Put together a plan and create a vision for how you see your business incorporating sustainable practices. This vision can then be integrated into the foundation of your business’ beliefs. What is your business passionate about? Choose a few issues that matter to your business the most; if you try to address too many, your practices will be ineffectual. Next, focus on where you can have the most meaningful impact. Depending on the size of your business, you may wish to think about how each section or department can contribute to your overall vision for a more sustainable company. Give each faction their role and explain to them how it fits into the wider objective. Be specific with your employees, as this will help them understand your vision and police it when you aren’t around.
The last step to creating your sustainability plan is to implement these changes. To do this, you need to communicate clearly with all of your employees. Ensure that your current business policies align with your plan for sustainability; if they don’t, change them, either across the board, or you can make them department-specific. You should also be looking at ways to review the performance of these policies and your sustainability plan overall. Create specific, measurable goals that you can attain and develop metrics to help you track your progress. These may be as simple as reviewing your energy bill and whether or not the new policies have decreased it, or it may be more complex such as trying to up your use of recycled materials. Lastly, your staff are an excellent resource. Use them. Ask for feedback on whether or not these new policies have created any issues for the day-to-day tasks. If they have, then you may need to work out ways around this whilst still trying to stay committed to your sustainability model. This feedback can also help you in the future when you want to develop more initiatives.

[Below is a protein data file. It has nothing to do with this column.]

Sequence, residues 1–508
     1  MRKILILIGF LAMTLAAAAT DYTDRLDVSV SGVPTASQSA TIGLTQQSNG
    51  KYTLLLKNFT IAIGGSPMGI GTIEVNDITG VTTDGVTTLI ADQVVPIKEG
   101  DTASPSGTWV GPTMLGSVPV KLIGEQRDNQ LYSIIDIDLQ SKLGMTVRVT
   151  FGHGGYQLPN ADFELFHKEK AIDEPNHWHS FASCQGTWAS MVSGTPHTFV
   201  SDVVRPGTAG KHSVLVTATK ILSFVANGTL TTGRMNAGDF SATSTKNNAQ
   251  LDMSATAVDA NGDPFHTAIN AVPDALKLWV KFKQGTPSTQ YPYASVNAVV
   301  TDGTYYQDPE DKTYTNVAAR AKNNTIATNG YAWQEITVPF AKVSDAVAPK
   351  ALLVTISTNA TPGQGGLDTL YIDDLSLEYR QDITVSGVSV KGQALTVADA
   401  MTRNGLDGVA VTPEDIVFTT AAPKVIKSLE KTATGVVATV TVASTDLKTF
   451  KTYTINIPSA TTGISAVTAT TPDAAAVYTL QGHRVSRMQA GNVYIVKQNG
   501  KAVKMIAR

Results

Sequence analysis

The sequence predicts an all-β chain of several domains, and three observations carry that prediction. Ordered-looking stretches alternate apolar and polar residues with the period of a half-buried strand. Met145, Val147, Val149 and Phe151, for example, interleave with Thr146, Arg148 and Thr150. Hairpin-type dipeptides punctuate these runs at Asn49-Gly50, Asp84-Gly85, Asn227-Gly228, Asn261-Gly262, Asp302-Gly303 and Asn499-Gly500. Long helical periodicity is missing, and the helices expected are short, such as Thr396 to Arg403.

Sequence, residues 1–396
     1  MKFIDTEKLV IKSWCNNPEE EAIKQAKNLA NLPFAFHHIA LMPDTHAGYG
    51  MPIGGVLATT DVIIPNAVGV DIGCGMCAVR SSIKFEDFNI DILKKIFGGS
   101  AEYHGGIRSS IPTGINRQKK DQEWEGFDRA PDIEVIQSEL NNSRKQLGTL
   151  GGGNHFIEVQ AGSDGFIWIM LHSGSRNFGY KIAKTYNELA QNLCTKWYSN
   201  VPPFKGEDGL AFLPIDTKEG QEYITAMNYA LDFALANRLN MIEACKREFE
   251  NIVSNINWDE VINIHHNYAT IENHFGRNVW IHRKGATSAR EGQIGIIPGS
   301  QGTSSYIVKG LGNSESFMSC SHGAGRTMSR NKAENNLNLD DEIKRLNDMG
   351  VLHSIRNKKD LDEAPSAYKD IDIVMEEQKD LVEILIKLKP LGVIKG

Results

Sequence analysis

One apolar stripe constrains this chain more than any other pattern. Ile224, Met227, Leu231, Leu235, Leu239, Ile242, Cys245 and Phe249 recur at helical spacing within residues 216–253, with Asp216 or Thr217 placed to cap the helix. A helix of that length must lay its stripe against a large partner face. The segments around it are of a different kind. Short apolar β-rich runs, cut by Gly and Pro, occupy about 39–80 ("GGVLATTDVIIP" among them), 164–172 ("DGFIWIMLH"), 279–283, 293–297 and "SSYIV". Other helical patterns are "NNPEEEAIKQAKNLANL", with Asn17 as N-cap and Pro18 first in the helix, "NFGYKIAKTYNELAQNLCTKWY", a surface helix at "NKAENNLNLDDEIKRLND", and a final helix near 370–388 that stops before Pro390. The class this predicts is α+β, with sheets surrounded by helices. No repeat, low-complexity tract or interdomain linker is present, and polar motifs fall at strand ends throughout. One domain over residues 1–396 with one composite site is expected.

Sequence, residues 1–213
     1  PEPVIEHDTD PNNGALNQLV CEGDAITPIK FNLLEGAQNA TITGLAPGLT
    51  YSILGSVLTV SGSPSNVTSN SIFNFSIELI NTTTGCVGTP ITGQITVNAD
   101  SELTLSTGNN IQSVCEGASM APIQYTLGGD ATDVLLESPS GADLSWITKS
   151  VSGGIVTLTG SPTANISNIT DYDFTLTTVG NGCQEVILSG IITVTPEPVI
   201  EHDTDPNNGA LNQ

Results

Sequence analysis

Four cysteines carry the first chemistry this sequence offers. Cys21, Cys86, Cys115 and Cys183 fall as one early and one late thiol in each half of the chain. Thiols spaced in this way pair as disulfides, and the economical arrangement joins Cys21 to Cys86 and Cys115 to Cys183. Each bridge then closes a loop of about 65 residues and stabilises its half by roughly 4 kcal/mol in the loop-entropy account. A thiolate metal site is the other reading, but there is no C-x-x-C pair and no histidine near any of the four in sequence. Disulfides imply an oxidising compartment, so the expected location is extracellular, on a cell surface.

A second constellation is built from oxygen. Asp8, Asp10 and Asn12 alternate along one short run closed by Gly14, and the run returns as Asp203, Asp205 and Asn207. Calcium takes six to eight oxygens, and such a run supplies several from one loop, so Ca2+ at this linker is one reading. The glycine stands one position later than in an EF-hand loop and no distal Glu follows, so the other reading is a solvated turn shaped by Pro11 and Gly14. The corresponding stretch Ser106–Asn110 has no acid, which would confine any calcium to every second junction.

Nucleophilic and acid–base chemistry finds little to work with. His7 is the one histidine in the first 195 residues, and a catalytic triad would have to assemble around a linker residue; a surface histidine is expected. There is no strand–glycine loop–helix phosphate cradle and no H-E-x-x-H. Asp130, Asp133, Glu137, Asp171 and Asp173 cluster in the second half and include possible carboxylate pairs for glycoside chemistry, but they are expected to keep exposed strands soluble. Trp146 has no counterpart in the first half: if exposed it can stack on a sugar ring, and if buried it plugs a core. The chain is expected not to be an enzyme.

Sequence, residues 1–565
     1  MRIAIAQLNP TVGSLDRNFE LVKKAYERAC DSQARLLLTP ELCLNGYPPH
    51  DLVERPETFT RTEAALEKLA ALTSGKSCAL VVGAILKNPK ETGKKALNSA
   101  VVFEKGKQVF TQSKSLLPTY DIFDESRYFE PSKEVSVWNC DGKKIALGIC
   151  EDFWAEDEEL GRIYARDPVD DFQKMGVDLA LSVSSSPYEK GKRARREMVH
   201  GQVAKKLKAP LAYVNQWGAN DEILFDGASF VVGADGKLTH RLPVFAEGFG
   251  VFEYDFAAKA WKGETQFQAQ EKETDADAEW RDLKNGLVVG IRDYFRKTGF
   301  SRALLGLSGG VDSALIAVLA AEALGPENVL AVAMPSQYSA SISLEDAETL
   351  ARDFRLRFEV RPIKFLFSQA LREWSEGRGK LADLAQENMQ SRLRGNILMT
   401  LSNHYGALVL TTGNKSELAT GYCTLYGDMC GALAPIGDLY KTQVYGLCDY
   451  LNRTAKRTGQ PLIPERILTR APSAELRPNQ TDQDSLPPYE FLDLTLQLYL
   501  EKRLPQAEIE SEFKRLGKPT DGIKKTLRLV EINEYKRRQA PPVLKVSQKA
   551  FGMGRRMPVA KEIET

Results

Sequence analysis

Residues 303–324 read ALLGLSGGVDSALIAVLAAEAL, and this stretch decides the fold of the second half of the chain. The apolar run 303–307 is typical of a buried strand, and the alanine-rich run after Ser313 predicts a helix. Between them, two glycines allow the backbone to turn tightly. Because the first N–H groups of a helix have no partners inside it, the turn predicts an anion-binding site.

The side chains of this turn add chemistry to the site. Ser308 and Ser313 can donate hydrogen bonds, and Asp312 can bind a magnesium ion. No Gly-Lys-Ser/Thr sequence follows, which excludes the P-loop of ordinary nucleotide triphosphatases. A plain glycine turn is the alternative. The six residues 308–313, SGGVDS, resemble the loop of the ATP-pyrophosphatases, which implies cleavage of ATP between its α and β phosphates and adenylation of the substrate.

Sustainability is almost not a choice for businesses today. More and more consumers are opting to switch their loyalties to brands purely because of the steps toward sustainability. Sustainability is vital for the longevity of your business. Make sure to do your research and use the steps mentioned above before you go public with any of your claims of sustainable business practices. If you are refuted, then it could damage your reputation and your profits.